By Pat Borzi
MINNEAPOLIS -- Legacies matter, even to players in their twenties. Phil Hughes knows his as a Yankee, and, frankly, it stinks.
The mess of a 2013 season, where Hughes went 1-10 at Yankee Stadium while giving up a ghastly 17 home runs, will be what Yankee fans remember about him. Of that, Hughes is sure. Not the 2010 All-Star appearance. Not as the hard-throwing kid setting up for Mariano Rivera during the 2009 world championship run. Not the 18- and 16-win seasons.
No one ever said that to Hughes on the street or in a restaurant, of course, because even New Yorkers are more polite than that. But he knows. The boos still reverberate for Hughes, now a Minnesota Twin, ensconced and comfortable 1,000 miles west in the carpeted home clubhouse at Target Field.
"If you polled 100 semi, not die-hards, but people who followed the Yankees, I'm sure my reputation or whatever you want to call it is not a great one," says Hughes. "That's something that I've come to terms with. I will always remember my time there fondly, and remember the good times, and try to block out the not so good times.
"But people's memories are always whatever's freshest, and for me unfortunately, that was bad last season. That's human nature. That's life. That's how it goes. If you had asked me who won the World Series eight years ago, it would probably take me a little while to remember. That's something that I'm okay with. I let all the bad vibes, all the negativity go a little bit."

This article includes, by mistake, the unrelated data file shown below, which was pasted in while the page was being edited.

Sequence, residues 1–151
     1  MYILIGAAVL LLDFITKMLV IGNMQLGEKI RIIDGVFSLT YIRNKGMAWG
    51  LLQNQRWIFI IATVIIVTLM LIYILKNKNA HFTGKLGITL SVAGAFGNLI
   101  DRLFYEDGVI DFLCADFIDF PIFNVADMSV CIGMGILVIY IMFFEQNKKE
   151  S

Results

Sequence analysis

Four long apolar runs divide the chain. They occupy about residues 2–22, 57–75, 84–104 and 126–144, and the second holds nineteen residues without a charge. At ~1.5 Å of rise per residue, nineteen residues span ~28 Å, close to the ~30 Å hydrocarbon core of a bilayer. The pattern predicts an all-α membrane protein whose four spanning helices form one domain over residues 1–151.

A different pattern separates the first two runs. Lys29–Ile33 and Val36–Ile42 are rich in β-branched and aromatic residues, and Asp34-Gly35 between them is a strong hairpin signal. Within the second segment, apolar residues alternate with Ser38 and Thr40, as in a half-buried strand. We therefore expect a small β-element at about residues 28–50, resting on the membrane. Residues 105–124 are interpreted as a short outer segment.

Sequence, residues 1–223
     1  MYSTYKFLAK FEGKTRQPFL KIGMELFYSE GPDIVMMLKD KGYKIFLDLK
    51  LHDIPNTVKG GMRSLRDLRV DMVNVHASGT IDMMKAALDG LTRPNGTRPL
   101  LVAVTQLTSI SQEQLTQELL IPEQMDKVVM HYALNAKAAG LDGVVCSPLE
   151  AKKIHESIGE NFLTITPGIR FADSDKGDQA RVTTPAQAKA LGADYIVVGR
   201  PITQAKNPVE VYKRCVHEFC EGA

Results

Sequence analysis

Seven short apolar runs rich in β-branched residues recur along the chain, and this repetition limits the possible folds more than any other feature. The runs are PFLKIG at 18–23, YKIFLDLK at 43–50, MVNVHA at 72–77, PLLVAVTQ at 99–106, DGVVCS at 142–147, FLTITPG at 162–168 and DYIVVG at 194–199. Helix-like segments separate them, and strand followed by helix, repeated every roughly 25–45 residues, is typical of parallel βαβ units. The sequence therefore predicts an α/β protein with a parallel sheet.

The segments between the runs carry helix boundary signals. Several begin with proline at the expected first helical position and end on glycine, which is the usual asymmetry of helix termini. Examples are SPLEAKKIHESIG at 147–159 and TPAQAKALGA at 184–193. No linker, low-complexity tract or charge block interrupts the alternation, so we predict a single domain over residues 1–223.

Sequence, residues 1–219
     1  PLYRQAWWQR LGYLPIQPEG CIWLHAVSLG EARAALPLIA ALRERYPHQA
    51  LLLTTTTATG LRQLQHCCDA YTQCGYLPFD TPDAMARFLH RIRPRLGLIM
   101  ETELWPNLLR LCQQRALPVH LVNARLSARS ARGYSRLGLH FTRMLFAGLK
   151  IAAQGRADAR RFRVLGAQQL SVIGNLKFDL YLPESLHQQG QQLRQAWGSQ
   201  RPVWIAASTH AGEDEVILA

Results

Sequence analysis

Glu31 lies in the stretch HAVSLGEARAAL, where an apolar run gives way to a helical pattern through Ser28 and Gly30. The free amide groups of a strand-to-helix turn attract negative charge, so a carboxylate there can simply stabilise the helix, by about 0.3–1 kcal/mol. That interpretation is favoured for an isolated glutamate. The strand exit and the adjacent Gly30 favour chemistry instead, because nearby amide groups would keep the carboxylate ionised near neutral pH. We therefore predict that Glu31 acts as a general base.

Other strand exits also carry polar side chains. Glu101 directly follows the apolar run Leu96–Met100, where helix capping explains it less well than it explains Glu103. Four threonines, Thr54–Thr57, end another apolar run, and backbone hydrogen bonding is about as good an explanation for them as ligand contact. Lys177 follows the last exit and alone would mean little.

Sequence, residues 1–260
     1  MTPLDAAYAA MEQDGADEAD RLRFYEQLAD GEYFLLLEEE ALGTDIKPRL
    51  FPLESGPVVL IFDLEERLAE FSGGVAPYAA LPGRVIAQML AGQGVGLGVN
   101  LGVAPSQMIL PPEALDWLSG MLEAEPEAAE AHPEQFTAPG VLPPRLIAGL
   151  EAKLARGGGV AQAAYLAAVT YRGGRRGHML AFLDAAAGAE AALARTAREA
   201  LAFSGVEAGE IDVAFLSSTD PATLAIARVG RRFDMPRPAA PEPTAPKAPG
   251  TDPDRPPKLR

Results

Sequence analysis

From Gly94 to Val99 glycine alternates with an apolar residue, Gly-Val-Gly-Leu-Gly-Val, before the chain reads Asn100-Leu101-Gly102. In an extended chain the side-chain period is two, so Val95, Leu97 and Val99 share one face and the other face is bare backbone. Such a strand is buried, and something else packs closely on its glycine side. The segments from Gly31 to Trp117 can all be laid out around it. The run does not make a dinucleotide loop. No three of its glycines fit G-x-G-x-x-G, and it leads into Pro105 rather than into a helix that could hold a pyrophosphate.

Newfound success eased that. Sunday, Hughes returns to Yankee Stadium to face the team that drafted him on one of the most effective strike-throwing stretches of his career. Tuesday night's no-decision against Texas represented the seventh consecutive quality start for Hughes (5-1, 3.15 ERA), who hasn't walked any of his last 175 batters, covering six starts.
Last winter, the Twins invested $84 million in free agents Hughes and Ricky Nolasco plus returnee Mike Pelfrey, aiming to improve the hideous starting pitching responsible for three consecutive 90-loss seasons. Nolasco has been awful (2-5, 6.12). So was Pelfrey, who started 0-3 with a 7.99 ERA before going on the disabled list with a groin strain.
But Minnesota is 8-2 in Hughes' starts, the main reason why the Twins hover near .500. Always a tinkerer, Hughes junked his slider in favor of more cutters and curveballs, then added a two-seam, sinking fastball that tails in on righties. That, and a less cozy home ballpark, made such a difference. Hughes has allowed one home run in six starts at Target Field, four overall.
"He's fixed a few things mechanically, and the ball is coming out of his hand great," Twins manager Ron Gardenhire said. "You always hope you're going to get a guy who takes off and goes on a run, and you never know what to expect when you bring somebody in. Now we're seeing a pretty good pitcher. Hopefully he can continue that. He's fun to watch."
It took time for Hughes, 27, to get over his dreadful final months as a Yankee. He beat the Twins in Minnesota on July 2, then never won again. A career-worst seven-game losing streak left him 4-14 with a 5.19 ERA. The Yankees, mindful of the 39 homers hit off him in the Bronx his final two seasons, let him walk as a free agent. The once-promising prospect left town as the subject of ridicule.
Months later, while the Rangers scored six unanswered goals against New Jersey during an NHL Winter Classic game at Yankee Stadium, New York Daily News baseball columnist John Harper tweeted, " Just saw the score from the Stadium. Is Phil Hughes pitching or something?"
Funny stuff. Hughes, the Californian, tweeted a perfect New York answer back at Harper, clever and lightly rubbed with sarcasm: "Comedian and writer. Gotta respect the talent diversity."